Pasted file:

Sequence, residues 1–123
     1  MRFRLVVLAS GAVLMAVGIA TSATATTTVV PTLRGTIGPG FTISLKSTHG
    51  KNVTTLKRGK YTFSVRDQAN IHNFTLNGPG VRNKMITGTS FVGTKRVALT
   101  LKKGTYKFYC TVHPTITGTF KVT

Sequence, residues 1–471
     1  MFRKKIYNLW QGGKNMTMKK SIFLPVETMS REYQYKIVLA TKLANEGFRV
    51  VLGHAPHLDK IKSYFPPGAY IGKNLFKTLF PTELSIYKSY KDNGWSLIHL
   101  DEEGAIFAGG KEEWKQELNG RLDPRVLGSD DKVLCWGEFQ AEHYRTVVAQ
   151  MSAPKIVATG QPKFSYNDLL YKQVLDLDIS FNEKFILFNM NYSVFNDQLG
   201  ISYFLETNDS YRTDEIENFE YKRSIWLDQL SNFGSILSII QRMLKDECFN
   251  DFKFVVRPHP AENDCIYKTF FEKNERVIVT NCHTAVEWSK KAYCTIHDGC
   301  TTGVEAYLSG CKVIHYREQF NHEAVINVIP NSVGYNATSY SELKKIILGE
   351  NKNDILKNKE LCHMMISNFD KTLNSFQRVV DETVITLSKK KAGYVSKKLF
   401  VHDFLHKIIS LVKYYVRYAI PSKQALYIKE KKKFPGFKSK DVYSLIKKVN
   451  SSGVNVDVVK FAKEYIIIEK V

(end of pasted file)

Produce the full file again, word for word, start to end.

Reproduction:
Sequence, residues 1–123
     1  MRFRLVVLAS GAVLMAVGIA TSATATTTVV PTLRGTIGPG FTISLKSTHG
    51  KNVTTLKRGK YTFSVRDQAN IHNFTLNGPG VRNKMITGTS FVGTKRVALT
   101  LKKGTYKFYC TVHPTITGTF KVT

Sequence, residues 1–471
     1  MFRKKIYNLW QGGKNMTMKK SIFLPVETMS REYQYKIVLA TKLANEGFRV
    51  VLGHAPHLDK IKSYFPPGAY IGKNLFKTLF PTELSIYKSY KDNGWSLIHL
   101  DEEGAIFAGG KEEWKQELNG RLDPRVLGSD DKVLCWGEFQ AEHYRTVVAQ
   151  MSAPKIVATG QPKFSYNDLL YKQVLDLDIS FNEKFILFNM NYSVFNDQLG
   201  ISYFLETNDS YRTDEIENFE YKRSIWLDQL SNFGSILSII QRMLKDECFN
   251  DFKFVVRPHP AENDCIYKTF FEKNERVIVT NCHTAVEWSK KAYCTIHDGC
   301  TTGVEAYLSG CKVIHYREQF NHEAVINVIP NSVGYNATSY SELKKIILGE
   351  NKNDILKNKE LCHMMISNFD KTLNSFQRVV DETVITLSKK KAGYVSKKLF
   401  VHDFLHKIIS LVKYYVRYAI PSKQALYIKE KKKFPGFKSK DVYSLIKKVN
   451  SSGVNVDVVK FAKEYIIIEK V